Worse is Better: Python templating systems vs. Rails ERb

December 3, 2006 at 6:42 pm 1 comment

(Disclaimer: Python is my favorite programming language; however, I do criticize it in this article. Please redirect flames to /dev/null.)

I’ve been comparing web frameworks lately, developing a relatively simple CRUD database-backed application that can support a few bells and whistles. I’ve checked out Ruby on Rails (who hasn’t?) Django, and Turbogears in my search, and realized something as I was hacking together some templates in Kid:

Python, a far more restrictive and inflexible language – one that would seem, on the surface, to be worse for web application development than Ruby – is better for programmers, designers and security by nature of its inflexibility.

Let me explain what I mean. When designing ‘views’ – the web pages that users will see – that need to be updated with data from a given database, it is natural to break the Model-View-Controller paradigm and embed some controller logic into the application. After all, it’s so much less effort to embed

<% found_books = Book.find_all(“title = ?”, given_title) %>

into your .rhtml files then to go back into the controller file, change the return types, and make sure everything works correctly. However, Python is whitespace-sensitive, and therefore is much more difficult to embed into HTML. As such, you can’t write the mixture of Ruby and HTML that makes Rails so easy to use.

This is a good thing. I am a strong advocate of separating the model, view, and controller; by the very fact that I can’t write a combination of Python and HTML, I am forced to go back into the CherryPy/Django controller codebase and write a properly formed, secure, and elegant SQL query. Normally laxity wouldn’t bother me, but I believe that any large web application will grow into a hideous, Nylartothepic tangle if the MVC rules are not followed to the letter.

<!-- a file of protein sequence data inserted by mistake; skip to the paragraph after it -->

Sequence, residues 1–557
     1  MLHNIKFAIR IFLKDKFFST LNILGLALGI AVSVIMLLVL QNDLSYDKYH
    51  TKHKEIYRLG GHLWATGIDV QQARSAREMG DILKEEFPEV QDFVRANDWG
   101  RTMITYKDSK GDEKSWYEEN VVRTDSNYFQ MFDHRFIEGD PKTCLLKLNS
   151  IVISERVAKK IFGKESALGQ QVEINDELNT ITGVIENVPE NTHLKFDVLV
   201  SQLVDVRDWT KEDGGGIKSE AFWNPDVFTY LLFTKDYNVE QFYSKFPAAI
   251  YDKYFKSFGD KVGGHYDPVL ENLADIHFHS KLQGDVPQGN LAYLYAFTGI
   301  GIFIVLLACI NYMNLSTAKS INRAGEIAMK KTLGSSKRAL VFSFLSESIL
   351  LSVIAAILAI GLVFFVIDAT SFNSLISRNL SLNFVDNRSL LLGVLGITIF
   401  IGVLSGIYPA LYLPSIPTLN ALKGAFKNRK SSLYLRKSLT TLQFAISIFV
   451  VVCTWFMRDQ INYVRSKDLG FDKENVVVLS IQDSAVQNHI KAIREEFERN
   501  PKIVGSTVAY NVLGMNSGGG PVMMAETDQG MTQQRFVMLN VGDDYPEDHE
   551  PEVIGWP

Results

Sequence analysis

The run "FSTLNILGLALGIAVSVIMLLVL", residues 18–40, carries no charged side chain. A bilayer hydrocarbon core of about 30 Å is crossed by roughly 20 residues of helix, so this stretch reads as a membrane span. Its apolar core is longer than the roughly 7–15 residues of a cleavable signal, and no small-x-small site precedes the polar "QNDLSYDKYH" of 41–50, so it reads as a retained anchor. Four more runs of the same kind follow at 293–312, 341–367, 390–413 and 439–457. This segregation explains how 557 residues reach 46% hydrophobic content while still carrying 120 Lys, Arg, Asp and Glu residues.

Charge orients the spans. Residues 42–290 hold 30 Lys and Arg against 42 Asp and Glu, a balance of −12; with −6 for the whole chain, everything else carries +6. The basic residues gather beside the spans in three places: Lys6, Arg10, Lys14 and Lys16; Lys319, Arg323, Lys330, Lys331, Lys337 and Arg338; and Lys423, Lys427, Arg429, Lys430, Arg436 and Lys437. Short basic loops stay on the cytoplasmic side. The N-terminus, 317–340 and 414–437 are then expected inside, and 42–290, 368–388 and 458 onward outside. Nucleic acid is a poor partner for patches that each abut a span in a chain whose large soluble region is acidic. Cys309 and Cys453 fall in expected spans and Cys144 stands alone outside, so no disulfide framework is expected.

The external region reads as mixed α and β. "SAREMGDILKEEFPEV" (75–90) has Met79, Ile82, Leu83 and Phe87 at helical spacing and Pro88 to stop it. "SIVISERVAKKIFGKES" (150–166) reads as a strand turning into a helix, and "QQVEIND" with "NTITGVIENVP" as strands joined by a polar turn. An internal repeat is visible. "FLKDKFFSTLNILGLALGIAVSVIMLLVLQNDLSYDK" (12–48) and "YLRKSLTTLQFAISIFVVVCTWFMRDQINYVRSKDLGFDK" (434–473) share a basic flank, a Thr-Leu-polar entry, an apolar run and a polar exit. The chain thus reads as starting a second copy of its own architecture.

I still love Rails, but I love the templating systems in Python even more. Because Python is so restrictive, people had to write templating systems the Right Way – and that’s a good thing for everybody.

Entry filed under: django, mvc, python, rails, ruby, templating, turbogears, webapps.

Fancy Windows, &c. It’s Hard Out Here for an MVC Advocate

1 Comment

  • 1. Sam  |  July 7, 2008 at 11:48 pm

    I have always found the line between “business logic” and “template logic” hard to define but I am quite sure the way to separate these concerns has nothing to do with the power of the template language. Instead, I believe in the following rule: templates are pure functions. A template is not allowed to modify the callers environment, nor is its output dependant on any state not explicitly passed to it. Its sole purpose is to transform input to output and it can use any algorithm or language to do so as long as the template remains referentially transparent. This gets a bit fuzzy with ‘magic’ since @post.author.name may or may not need a database query depending on whether the :include directive was used in the controller e.g. @post = Post.find … :include => :author. Whether or not you consider a second database read referentially transparent depends on the application but since it is not atomic with the first it is always possible that the author’s name was changed between controller and template execution. In summary, db reads in the template are bad but Rails encourages them during development. When the app settles into a more final form it is best to add the :include directive in the controller for atomic reads and performance. Templates as pure functions is a pretty easy rule to enforce. Easy enough that there is no reason to limit the template language, and as a bonus pure functions have a good definition unlike the silly idea of “business logic”. What’s that anyway?

    Blogged about it.

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I'm Patrick Thomson. This was a blog about computer programming and computer science that I wrote in high school and college. I have since disavowed many of the views expressed on this site, but I'm keeping it around out of fondness.

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